What’s important is to repeat the individual stages in a loop until you hit on the best result. “Early prototyping and the possibility of repeatedly returning to finished phases in the process considerably improve the quality of the ideas,” explains industrial designer Beeh.

Another important point is to assemble an interdisciplinary project team. “This enables a number of different approaches to the problem to be made,” emphasizes Beeh. Companies can put individual employees from their in-house sales, development, design, production and/or marketing departments together to form a project group to develop a new product, for example. It’s also beneficial to involve external individuals (such as scientists and consumers) as well as a mediator who is familiar with the design thinking process. “The group shouldn’t include more than ten people,” Beeh adds.

The environment is also conclusive to the project’s success. “Companies shouldn’t hold the project in the usual conference room but create an environment which encourages people to work creatively while standing, sitting or even lying down,” advises Beeh. His tip is to “Reserve a special room for the sole use of the project group and carry out research outside the company as often as possible.”

How a team invented a new carpet cleaner

American design agency IDEO applied the Stanford University method to create the innovative carpet sweeper for Proctor & Gamble. The design team was comprised of employees from the cleaning appliance manufacturing company and the agency. In order to find out more about consumer behavior, requirements and requests, the team visited several dozen homemakers in their houses. They learned that those questioned wanted to remove tiny specks of dirt – such as crumbs or scraps of paper – from their carpets without having to drag out their vacuum cleaners.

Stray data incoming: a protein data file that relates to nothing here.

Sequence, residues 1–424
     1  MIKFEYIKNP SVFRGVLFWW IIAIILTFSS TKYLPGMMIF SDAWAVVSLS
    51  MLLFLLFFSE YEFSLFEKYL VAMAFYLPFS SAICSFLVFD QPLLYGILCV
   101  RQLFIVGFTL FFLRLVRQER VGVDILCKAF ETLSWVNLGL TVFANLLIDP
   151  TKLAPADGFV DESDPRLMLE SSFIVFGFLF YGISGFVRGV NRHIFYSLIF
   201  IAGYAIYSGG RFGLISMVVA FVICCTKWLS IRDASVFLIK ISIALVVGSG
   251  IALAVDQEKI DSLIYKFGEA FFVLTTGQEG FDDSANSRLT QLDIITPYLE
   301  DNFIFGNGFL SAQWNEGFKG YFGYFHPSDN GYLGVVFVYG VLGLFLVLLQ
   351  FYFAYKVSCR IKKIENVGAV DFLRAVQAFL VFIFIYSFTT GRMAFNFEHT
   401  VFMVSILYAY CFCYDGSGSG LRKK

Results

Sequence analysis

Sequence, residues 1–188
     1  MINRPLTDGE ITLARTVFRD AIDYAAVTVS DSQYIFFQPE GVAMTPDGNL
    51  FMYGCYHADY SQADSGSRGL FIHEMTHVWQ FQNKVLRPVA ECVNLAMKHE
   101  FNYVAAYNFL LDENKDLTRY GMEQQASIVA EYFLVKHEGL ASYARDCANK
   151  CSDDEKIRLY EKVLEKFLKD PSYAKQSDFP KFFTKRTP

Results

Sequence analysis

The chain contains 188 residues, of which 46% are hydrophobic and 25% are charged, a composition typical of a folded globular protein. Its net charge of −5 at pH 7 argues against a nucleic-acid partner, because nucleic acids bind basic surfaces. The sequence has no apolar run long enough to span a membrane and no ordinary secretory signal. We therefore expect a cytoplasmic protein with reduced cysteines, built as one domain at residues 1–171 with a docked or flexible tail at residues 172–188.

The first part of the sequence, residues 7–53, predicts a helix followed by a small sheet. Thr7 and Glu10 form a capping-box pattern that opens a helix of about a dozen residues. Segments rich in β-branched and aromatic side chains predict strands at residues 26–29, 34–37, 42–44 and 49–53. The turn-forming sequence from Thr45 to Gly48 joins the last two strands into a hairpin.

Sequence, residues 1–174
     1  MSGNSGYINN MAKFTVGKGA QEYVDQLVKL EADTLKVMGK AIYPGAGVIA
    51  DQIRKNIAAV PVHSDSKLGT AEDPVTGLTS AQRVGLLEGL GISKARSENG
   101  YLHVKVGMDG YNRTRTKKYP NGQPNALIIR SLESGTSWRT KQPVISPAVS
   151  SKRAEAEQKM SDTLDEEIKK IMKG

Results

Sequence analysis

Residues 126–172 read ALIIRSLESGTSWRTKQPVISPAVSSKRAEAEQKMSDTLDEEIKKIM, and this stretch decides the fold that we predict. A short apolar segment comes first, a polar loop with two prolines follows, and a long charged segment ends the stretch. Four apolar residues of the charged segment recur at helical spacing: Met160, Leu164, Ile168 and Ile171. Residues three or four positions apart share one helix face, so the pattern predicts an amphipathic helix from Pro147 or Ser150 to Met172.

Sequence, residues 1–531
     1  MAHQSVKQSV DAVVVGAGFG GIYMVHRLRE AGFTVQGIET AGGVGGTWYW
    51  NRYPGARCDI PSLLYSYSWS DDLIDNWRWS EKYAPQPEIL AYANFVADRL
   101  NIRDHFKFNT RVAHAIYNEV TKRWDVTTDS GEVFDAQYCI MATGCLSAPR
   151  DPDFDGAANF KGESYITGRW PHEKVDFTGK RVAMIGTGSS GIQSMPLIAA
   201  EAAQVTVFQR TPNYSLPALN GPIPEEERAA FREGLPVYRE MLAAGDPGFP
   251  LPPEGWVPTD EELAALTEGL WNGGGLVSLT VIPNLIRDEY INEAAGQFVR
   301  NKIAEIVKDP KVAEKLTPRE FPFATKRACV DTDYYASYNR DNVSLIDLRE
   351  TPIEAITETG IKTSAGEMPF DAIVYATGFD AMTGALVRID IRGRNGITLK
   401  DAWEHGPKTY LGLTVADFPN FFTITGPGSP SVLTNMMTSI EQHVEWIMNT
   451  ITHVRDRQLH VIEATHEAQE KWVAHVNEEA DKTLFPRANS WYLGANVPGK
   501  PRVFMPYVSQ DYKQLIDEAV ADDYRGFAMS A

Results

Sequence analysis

With this knowledge under their belts the team began looking for ideas, applying well-known methods such as brainstorming. The group had its light-bulb moment when one of the team started playing with a mop, finding a way of removing particles from the floor without using electricity or batteries. On this basis Proctor & Gamble then designed a series of prototypes of the new cleaning device and tested its acceptance on international markets.

How students helped DHL further

Another visionary idea – that of a social logistics network – has been born by students at the HPI School of Design Thinking. Without giving any specifics parcel shipper DHL challenged the students to devise a promising new business area. Applying the design thinking method they came up with a surprising answer; in a world where energy is becoming more and more expensive and mobility is supposed to be eco friendly, parcels could be shipped in a completely new way. They suggested that members of a network could act like a carpooling center, delivering packages by bicycle, via the subway or on foot while on their various travels. Information on where parcel pickup and delivery points would be provided by cell phone and text message.

Design thinking can also be used to make good ideas even better, as the Heineken brewery demonstrates. In the future, it wants to attach different color LEDs to its bottles, designed to help party goers immediately recognize which of the other guests they are most likely to get along with. Simply ingenious!

Alfred Preuß

Design Thinking:
it’s really quite simple

What’s special about design thinking are its multidisciplinary teams, user orientation and clearly defined process steps. Based on practical experience and modeled on Standford University’s ’’ the Hasso Plattner Institute has split the design thinking process into six stages. Repeated looping between the separate stages optimizes the result.

The networking bottle

How does a brewery manage to reach a young target group with its products? Brewer Heineken encourages party guests to socially interact through its interactive Ignite beer bottle.

“How can an e-bike replace the car?”

A bicycle manufacturer, automobile company or city government could have asked a renowned management consultant this question – and half a year later been handed a fat and expensive expert report. Instead, in a practical exercise at a design thinking workshop staged by Cologne design consultancy Beeh Innovation, a small team presented some surprising results in just two hours.